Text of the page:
History Extensions in History Service show a “Fault” Status. The Fault cause displays: "Duplicate history id:" followed by the name of the object.
I/A Series G3, version 3.3.22 and later
By default, history extensions inherit the name of the objects they’re attached to (e.g. CFM). If CFM is to be trended on multiple VAV units (VAV1, VAV2, etc.), this can cause issues when enabling history collection in the History Service; one or more histories will be in a “Fault” state, with the error message: “Duplicate history id:” for the Fault Cause.
To resolve the issue, the history names can be configured to include the parent folder names:
1. Open the Program Service in the station’s Services container, and click on the “Find Objects” button at the bottom of the Batch Editor view
2. In the Bql Query Builder window, select (Custom Type) in the “Of type:” drop-down menu. Two more drop-down menus will appear. In the middle drop-down, select “history”. In the last drop-down, select the appropriate history extension (e.g. NumericIntervalHistoryExt). Then, click OK. The Batch Editor view will populate with all of the history extensions in the station for the extension type selected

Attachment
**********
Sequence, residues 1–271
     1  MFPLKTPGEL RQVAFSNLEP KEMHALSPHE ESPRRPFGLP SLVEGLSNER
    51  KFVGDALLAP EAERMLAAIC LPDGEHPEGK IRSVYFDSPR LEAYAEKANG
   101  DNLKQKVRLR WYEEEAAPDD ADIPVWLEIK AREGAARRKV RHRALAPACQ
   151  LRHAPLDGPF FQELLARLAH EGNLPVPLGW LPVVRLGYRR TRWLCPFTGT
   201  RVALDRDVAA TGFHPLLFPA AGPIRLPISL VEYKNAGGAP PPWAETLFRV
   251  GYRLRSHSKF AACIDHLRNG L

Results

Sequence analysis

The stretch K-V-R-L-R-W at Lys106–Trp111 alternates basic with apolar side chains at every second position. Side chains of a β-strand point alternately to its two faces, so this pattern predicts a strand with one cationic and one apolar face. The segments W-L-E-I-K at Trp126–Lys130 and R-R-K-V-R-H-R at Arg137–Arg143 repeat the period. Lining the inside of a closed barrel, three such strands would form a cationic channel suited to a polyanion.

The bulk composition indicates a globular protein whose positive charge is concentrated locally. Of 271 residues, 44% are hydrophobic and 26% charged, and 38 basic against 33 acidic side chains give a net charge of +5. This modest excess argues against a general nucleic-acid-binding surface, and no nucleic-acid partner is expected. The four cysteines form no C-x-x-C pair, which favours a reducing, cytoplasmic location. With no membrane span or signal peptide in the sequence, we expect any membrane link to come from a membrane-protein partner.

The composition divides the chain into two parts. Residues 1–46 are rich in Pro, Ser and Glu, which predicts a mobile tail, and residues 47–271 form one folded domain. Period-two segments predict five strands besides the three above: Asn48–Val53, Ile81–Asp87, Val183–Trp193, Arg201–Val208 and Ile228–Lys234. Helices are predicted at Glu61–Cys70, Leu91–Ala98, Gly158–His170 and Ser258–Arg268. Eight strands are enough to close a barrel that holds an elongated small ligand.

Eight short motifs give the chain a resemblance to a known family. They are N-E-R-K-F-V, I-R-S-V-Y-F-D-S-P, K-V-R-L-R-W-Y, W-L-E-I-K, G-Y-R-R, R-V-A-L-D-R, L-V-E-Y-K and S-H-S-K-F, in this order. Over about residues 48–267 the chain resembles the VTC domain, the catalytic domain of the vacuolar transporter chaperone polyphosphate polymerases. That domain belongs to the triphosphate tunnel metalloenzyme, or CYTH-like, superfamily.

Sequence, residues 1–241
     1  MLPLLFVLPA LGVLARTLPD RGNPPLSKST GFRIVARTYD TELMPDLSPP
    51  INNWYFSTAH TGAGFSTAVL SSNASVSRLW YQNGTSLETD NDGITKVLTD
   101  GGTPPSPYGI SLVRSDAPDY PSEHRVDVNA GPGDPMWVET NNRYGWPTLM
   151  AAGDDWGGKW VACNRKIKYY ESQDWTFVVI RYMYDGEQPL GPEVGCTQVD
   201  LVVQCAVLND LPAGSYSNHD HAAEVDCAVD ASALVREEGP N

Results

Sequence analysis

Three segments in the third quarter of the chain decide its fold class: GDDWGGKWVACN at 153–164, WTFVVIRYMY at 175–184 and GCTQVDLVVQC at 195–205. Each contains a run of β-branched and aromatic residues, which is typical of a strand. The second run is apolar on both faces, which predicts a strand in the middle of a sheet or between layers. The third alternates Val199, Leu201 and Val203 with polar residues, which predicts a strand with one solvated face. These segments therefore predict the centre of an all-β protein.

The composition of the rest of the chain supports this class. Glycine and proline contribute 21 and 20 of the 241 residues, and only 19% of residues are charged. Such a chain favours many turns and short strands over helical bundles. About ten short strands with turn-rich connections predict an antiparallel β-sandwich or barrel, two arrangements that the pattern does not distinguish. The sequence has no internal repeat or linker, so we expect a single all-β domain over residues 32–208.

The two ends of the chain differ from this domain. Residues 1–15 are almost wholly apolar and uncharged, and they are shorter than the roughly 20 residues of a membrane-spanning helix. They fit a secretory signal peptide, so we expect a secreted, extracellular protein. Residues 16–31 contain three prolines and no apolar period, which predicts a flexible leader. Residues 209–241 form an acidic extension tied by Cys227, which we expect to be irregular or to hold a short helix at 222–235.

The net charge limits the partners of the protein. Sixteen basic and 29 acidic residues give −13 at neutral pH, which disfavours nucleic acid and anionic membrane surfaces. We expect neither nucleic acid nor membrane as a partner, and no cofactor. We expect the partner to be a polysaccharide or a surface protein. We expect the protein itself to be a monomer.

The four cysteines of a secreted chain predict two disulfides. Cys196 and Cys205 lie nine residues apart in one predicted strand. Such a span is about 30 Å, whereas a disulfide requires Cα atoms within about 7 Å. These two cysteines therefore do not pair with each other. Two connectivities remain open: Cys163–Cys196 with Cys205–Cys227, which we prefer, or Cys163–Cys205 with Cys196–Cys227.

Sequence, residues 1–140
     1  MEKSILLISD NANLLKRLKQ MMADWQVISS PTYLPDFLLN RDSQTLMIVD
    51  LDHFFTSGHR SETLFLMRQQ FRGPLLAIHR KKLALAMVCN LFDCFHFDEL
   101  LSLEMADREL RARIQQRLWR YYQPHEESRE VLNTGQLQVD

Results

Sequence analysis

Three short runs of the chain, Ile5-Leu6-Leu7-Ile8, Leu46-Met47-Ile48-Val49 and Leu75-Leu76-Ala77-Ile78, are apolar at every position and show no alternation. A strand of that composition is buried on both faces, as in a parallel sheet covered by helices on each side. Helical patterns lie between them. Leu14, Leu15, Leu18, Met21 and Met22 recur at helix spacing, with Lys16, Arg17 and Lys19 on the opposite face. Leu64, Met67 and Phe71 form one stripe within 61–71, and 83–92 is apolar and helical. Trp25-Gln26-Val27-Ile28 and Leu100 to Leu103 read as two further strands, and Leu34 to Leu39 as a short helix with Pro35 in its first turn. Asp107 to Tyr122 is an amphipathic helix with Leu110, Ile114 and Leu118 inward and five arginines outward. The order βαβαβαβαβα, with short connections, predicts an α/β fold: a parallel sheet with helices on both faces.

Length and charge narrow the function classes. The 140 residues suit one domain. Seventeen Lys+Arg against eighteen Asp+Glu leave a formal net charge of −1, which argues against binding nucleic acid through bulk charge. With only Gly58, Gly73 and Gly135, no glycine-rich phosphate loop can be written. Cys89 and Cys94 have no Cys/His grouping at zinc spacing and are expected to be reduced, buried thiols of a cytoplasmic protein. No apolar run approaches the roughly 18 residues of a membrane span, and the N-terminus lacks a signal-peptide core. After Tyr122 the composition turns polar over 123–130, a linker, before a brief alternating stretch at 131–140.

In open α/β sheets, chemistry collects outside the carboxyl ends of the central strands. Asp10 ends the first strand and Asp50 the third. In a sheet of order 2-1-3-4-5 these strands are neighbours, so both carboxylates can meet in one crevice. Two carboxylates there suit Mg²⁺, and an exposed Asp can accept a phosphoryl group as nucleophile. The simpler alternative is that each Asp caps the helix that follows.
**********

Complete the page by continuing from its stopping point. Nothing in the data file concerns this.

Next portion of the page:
3. In the Batch Editor view, highlight all of the history objects, then click the “Edit Slot” button at the bottom of the view
4. In the Edit Slot window, select “historyName” in the Property drop-down menu. In the New Value field, type the following:
NOTE: Depending on the tree structure, the filter may need to be modified in order to create a unique history name. For example, if the network is structured in the following format:
In this example, the object nviSatSwitch1_value is a child of the Points container, which is a child of the device MnlRs3_10. In order to create a unique name for the history extension, the correct filter would need to be:
5. Click OK. After a few seconds, the BatchEditor Results window will appear, displaying the objects that were changed. The history extensions now have unique names, and can be enabled in the History Service